David Oliver: Covid-19 has highlighted the NHS’s strengths and weaknessesBMJ 2020; 369 doi: https://doi.org/10.1136/bmj.m2124 (Published 03 June 2020) Cite this as: BMJ 2020;369:m2124
- David Oliver, consultant in geriatrics and acute general medicine
- Follow David on Twitter: @mancunianmedic
Those of us involved daily in NHS machinations and policy have long been aware of the service’s strengths and weaknesses, well before they were stress tested to new levels by the covid-19 pandemic. But issues that were hiding in plain sight are now in the spotlight, front and centre.
Covid-19 has held up a mirror to our culture, structure, and system resilience. The selflessness and commitment on show among NHS staff have been astonishing. We don’t work in war zones, and although our physical and mental wellbeing are often at long term risk from the job under normal circumstances, this is the first time in my career that staff have been in immediate personal danger of a potentially critical condition, just from turning up to work.
All around me I’ve seen people coming to work despite the fear and risk to themselves or their families—out of fierce loyalty to professional values, patients, and the teams they work with. Beyond patient facing staff, the operational managers and executives are working flat out to prepare for and respond to the tidal wave of demand. Clinical leaders and managers are reorganising service models, changing roles, and increasing capacity at speed. The clinical academic community has mobilised to develop the evidence base and technology.
A further strength is that because we’re a genuinely national health service, with fairly centralised leadership in national statutory agencies and leading figures closely linked to the legislature and executive, we’ve been able to put out national positions and good practice guidance, as well as getting key legislation in place very quickly, in the form of the emergency Coronavirus Act.1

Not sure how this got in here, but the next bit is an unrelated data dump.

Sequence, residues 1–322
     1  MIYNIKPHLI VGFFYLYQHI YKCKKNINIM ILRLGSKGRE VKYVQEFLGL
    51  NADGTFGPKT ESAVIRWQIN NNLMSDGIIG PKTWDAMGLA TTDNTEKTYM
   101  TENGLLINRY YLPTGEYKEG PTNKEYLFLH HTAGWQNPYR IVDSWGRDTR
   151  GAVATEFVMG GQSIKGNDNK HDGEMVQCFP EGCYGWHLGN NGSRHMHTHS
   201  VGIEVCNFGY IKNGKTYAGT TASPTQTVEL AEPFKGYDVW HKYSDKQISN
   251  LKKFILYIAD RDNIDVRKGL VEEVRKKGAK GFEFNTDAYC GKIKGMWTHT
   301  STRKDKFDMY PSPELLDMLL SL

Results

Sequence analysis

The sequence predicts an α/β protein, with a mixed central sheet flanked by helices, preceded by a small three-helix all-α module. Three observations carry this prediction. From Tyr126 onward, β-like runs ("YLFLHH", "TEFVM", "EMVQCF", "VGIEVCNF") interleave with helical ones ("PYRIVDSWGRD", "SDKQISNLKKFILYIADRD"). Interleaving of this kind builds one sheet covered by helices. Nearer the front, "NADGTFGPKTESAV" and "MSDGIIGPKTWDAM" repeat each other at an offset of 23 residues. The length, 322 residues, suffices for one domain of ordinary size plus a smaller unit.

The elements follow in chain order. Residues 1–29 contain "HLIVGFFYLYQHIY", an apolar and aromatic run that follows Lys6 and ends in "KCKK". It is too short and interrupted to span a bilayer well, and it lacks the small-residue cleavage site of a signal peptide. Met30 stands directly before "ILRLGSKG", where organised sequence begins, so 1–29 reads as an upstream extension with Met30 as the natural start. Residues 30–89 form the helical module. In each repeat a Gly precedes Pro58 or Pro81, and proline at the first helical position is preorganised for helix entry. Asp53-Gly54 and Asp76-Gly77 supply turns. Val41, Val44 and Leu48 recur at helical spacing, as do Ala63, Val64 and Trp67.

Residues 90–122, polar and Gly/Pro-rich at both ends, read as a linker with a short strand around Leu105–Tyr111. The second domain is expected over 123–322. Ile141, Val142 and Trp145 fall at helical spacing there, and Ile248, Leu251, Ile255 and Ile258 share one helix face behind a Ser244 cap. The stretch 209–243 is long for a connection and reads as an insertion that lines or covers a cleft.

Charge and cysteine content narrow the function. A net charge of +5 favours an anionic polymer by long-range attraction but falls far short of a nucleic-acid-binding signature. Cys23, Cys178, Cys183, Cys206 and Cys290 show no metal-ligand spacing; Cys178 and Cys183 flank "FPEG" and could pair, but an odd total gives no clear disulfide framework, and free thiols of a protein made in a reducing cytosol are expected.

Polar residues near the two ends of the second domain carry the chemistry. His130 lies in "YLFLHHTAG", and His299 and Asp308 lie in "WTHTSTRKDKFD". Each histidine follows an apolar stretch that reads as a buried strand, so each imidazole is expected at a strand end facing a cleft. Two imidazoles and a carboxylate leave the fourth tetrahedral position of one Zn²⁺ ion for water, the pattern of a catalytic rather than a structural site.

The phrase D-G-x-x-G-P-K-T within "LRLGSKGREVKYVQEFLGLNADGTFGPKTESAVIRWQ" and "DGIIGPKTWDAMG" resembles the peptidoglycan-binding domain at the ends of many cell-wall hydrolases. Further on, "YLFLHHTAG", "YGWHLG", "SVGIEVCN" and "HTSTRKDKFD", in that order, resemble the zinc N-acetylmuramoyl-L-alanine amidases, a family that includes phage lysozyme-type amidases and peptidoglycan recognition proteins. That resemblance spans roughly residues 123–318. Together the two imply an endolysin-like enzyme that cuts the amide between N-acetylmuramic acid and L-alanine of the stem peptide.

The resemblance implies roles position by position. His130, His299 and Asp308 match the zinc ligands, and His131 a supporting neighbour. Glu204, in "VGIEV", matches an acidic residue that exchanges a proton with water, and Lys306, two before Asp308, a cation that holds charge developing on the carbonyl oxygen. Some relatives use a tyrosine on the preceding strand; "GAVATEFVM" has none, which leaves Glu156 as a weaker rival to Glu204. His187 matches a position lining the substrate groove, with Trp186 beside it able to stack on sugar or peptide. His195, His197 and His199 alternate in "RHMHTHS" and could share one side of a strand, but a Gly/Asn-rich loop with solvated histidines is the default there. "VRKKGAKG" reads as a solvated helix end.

We’ve seen a suite of good practice guidelines and rapid clinical guidelines from the National Institute for Health and Care Excellence.2 Public Health England and NHS England have updated online guidance, information sheets, and campaigns.3 And senior medics in government departments and agencies have become well known public presences.
NHS England has also issued operational guidance to trusts. An emergency budget has given more resources to the NHS and to central planning around logistical responses, and local health and social care service leaders have been given new service permissions and powers from the NHS chief executive and chief operating officer.4
Sadly, there have been well documented failings in this central policy and communications operation and in our pandemic preparedness and logistical supplies. Technical experts working in the civil service or non-departmental, arm’s length groups have had their reputations and political independence compromised. Some official guidance has seemed weakened by realpolitik.
It’s started to look like an overly centralised and controlling bureaucracy, not least within Public Health England, and has stifled more local planning across individual localities rather than focusing on what individual organisations have done in the pandemic response to deal with their own challenges.
Next week I want to discuss some of the underlying structural weaknesses now cruelly exposed by the pandemic, which I hope has now given us the impetus to challenge them.
Competing interests: See https://www.bmj.com/about-bmj/freelance-contributors.
Provenance and peer review: Commissioned; not externally peer reviewed.